Mother Seton School, Emmitsburg, fifth grade teacher
Kellie Marr got a chalkboard for Christmas from her parents when she was a first grader. “I played school with my friends probably for years after that,” she says. “When I started babysitting, I started playing school with the kids I was babysitting. I just always knew I wanted to teach.”
Today, the fifth grade teacher at Mother Seton School in Emmitsburg has spent more than 25 years in the field teaching in public and private schools. Planning engaging, exciting field trips is one way she’s gone above and beyond for her students. “I like to take them to places that are off the beaten path,” she says. Some of the trips her classes have taken over the years include the U.S. Army War College in Carlisle, Pennsylvania; Crystal Grottoes Caverns in Boonsboro and even The White House. “I love making it extra special,” she says.
Marr believes one of the biggest benefits to teaching is learning alongside the students.
Some challenges Marr has faced with teaching during the pandemic include virtual learning and the hybrid model.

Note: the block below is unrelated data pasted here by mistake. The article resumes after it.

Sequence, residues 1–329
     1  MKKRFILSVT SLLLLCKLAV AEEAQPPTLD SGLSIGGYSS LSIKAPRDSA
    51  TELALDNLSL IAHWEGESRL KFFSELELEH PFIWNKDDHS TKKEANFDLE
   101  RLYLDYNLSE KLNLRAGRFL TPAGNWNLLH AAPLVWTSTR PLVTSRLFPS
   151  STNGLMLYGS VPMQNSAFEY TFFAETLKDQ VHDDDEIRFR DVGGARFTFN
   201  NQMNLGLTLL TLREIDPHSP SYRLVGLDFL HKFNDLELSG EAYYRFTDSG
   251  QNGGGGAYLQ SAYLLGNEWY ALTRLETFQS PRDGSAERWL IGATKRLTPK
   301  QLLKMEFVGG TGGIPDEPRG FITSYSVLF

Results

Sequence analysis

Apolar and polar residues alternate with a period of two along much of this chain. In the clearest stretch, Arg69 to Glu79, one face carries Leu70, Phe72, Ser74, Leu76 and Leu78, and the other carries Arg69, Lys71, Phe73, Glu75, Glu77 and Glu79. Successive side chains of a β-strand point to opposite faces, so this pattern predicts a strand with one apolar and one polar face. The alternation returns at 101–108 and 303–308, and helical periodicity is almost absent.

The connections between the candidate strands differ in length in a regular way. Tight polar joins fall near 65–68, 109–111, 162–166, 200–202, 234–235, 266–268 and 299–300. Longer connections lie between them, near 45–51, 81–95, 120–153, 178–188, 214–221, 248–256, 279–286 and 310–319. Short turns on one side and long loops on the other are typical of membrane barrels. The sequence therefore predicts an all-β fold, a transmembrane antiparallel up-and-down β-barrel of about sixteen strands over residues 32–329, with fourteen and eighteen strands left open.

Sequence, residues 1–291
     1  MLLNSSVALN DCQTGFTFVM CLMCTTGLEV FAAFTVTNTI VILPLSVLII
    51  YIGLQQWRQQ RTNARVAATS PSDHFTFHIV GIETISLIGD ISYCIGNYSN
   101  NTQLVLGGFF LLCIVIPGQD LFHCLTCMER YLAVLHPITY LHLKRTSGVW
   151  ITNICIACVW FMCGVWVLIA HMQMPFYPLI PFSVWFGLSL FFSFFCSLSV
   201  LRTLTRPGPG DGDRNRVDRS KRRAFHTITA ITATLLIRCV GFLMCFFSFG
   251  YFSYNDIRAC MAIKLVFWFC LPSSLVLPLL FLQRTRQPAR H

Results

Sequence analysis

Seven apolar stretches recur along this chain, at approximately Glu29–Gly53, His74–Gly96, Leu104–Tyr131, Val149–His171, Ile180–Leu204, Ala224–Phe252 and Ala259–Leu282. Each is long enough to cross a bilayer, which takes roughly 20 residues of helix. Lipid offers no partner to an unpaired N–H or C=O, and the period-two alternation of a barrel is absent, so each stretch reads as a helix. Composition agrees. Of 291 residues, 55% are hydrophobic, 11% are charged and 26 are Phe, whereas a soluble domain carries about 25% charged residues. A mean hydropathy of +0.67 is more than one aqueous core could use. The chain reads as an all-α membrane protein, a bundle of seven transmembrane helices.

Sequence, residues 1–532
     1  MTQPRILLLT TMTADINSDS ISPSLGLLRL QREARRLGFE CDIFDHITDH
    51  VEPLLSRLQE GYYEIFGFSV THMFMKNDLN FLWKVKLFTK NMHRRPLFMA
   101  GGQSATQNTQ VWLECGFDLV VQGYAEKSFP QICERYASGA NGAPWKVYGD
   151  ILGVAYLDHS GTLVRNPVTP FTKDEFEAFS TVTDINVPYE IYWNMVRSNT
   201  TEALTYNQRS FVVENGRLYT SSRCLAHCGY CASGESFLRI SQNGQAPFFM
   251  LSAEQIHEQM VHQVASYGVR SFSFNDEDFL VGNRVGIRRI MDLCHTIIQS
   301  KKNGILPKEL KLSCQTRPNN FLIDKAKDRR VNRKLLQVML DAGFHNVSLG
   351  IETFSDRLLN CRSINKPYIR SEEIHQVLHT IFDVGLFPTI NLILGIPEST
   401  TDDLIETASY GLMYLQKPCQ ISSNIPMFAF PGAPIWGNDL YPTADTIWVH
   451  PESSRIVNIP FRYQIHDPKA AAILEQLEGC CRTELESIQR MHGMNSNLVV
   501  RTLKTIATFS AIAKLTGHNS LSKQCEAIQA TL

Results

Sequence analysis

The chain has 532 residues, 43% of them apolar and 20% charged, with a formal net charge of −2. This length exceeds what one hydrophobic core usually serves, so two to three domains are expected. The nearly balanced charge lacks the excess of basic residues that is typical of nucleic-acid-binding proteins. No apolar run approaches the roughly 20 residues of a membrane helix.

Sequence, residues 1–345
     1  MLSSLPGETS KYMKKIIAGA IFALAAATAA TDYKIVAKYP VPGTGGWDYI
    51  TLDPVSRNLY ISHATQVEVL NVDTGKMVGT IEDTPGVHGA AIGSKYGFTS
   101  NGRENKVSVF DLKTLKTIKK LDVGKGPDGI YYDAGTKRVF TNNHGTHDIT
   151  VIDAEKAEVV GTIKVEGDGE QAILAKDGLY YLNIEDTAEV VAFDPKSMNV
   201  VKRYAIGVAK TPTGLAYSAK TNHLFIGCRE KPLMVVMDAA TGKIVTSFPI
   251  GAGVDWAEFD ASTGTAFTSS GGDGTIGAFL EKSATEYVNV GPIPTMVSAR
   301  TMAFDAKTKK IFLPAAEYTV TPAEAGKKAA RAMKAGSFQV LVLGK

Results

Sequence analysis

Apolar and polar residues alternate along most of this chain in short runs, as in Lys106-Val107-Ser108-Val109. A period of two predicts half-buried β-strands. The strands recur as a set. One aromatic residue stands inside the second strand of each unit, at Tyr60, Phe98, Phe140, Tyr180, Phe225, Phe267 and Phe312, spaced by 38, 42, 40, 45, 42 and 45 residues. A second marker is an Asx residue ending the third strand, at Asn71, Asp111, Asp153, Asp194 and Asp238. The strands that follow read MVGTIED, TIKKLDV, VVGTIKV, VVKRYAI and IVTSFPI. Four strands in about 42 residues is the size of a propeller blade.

“I do like (virtual learning), but I think it is hard for the students to learn virtually. I don’t mind teaching on Zoom, but I don’t like sitting. I feel like that physically was a challenge for me,” she says.
During last school year’s hybrid education, interacting with students online and in person simultaneously was difficult.
“I felt like I could not leave the camera. I was always standing in one place,” she says.
Before the COVID-19 pandemic, she found pacing to be challenging. “I always worry about going too fast for some or too slow for others,” she says. “I try to do the best I can with pacing. Everyone is so different in how they learn.”
After more than two decades teaching, she enjoys seeing where her students are now. Some are married, have children or are maintaining thriving careers. She also loves seeing children’s faces when they finally understand something that they have been struggling to master for some time.